April 11, 2000 5:20 AM PDT
Napster suit tests new copyright law
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The Digital Millennium Copyright Act (DMCA), passed two years ago, was considered an important legislative battle for the entertainment industry. But it may already be out of date.
"If Napster wins this, then presumably everybody that is propagating MP3 files and movie files will be protected," said attorney Carl Oppedahl, of Oppedahl & Larson in Frisco, Colo. "And every time the music industry faces a technological change or an unfavorable ruling, they run to Congress to plug the latest hole in the dike."
Regardless of the decision, the case underscores serious problems in the music industry's digital media strategies, which have been largely driven by fears of intellectual property theft.
In recent years, entertainment companies have lobbied hard to bolster online copyright protections, winning new tools to enlist the courts as a major line of defense against violators--and drawing criticism that such efforts have shifted legal balances at the cost of consumers. But as the Napster case demonstrates, even relatively recent laws have not kept up with the rapid pace of technological advances.
As such, even if the recording industry wins its battle against Napster, it faces dozens of other copying software programs flourishing on the Net. Services like Wrapster, iMesh, Spinfrenzy and Gnutella will continue to be a threat to the music industry.
"The whole area of music on the Internet is a complicated one," said Jonathan Band, an attorney with law firm Morrison & Foerster in Washington, D.C. "All the new software could have been done by the record companies. But what you see is the industry trying to preserve the old model as opposed to it taking advantage of the new model and being innovative and cutting-edge."
Artists, music studios and the recording industry are angry they don't get proceeds from the swapped files and in court papers accuse Napster of "running an online bazaar devoted to the pirating of music."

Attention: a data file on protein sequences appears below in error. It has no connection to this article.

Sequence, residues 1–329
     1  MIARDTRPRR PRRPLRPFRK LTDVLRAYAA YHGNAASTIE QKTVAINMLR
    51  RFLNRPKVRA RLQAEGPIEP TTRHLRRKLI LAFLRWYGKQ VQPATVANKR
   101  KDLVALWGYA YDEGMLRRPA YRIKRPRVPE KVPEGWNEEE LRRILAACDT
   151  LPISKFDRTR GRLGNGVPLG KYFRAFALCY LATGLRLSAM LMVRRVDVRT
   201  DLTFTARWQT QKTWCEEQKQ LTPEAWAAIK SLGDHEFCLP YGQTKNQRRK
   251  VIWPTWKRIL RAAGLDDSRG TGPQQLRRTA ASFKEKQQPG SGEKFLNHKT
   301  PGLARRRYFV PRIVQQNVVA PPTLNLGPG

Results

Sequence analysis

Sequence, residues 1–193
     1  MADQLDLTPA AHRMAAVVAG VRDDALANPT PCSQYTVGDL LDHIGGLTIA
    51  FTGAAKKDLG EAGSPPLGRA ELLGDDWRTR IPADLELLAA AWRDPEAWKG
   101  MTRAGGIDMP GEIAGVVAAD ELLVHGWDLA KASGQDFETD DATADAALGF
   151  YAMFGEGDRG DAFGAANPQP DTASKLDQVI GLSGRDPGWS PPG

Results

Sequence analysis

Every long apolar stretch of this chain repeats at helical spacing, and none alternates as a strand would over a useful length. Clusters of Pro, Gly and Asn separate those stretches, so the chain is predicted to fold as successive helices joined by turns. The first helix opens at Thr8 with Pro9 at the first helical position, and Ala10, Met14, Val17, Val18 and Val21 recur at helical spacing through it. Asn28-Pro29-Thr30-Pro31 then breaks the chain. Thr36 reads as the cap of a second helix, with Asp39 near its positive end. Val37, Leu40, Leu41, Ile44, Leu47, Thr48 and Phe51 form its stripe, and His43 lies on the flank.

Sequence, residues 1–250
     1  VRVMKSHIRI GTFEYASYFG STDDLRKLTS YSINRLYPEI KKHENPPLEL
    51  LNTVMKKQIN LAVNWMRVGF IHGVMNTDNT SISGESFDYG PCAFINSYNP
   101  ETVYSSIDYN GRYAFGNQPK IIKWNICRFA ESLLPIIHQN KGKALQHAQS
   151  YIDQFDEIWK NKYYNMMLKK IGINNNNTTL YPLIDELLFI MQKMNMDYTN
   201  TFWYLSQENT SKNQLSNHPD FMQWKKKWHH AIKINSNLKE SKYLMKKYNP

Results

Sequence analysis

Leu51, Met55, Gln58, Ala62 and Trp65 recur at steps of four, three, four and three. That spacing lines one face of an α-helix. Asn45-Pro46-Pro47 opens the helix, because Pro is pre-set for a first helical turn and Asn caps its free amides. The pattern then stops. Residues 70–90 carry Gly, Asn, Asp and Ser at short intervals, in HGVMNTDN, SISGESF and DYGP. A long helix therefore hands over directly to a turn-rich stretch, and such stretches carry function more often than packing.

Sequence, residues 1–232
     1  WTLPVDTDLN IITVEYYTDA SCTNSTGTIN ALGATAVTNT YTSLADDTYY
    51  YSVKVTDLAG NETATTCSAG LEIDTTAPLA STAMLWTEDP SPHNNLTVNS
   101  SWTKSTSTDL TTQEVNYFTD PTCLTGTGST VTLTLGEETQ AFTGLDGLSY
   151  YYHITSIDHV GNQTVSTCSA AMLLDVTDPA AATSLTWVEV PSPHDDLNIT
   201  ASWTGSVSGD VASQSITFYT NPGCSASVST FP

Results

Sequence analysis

At the heart of the dispute is the digital copyright law passed two years ago to expand online safeguards for software, literature and music. The law also shields Net access providers from liability.
That important caveat places the copyright burden on the person using a legitimate service.
In other words, much as Xerox can't be held liable for the actions of people who copy books, songs and artwork on its machines, online service providers can't be held responsible for the actions of their customers.
But how lawmakers define service providers is open for broad interpretation, experts say.
Napster's lawyer, Laurence Pulgram of Palo Alto, Calif.-based Fenwick & West, has argued that his client falls under the law's safe harbor because its services are similar to Web browsers or other applications offered on the Web, such as File Transfer Protocol (FTP) software.
"Napster does not control or supervise the materials transmitted between users in any way," Pulgram wrote in his legal papers.
In the past, courts have almost always left it up to the copyright holder to enforce compliance, steering clear of clamping down on new technology.
In a landmark 1984 case, for example, the U.S. Supreme Court refused to block sales of VCRs. Today, the purchase of movie videotapes by consumers is one of the main sources of revenue for the film industry.
Pulgram's argument is drawing skepticism from the legal community, however.
"I don't know if Napster is going to be able to shoehorn themselves into an exemption in the DMCA," said Neil Rosini, a lawyer at New York law firm Franklin, Weinrib, Rudell & Vassallo, who represents online music firm Myplay.
San Francisco intellectual property attorney Neil Smith of Limbach & Limbach acknowledges that the law is ambiguous but said he believes Congress intended it to protect Net access providers such as America Online, AT&T WorldNet and MCI WorldCom, and definitely not companies like Napster.
"The courts will now have to wrestle with this," he said. "Certainly the digital delivery system is a real threat to the music industry."
It's a problem the industry is well aware of. In court papers, attorneys for A&M Records and other major music labels fear that without strong protections, "Internet piracy of sound recordings will mushroom."
The Recording Industry Association of America (RIAA) sued Napster in early December, seeking up to $100,000 in damages for each copyright-protected song allegedly exchanged illegally using the start-up's software.
Such a finding could put Napster out of business.
In its defense, Napster, an 18-employee company, said it warns its customers to comply with all copyright laws. When the recording industry gave the company a list of about 50 people who were illegally downloading top hits, Napster said it blocked those consumers from its service.
"There is no need for injunctive relief," Napster's lawyer wrote. "Napster itself will block access to the Napster system for any user identified as engaging in infringing activity."
RIAA lawyers late last month sought to expedite their request for a court order to stop Napster from providing its software.
Napster then submitted a motion arguing that the music industry doesn't have a case, citing the digital copyright act as a shield.
A ruling on Napster's motion is pending.
"The defense is a novel one, but if Napster wins this, I predict the law will be rewritten in eight minutes," Rosini said. "The DMCA was never intended for companies like Napster."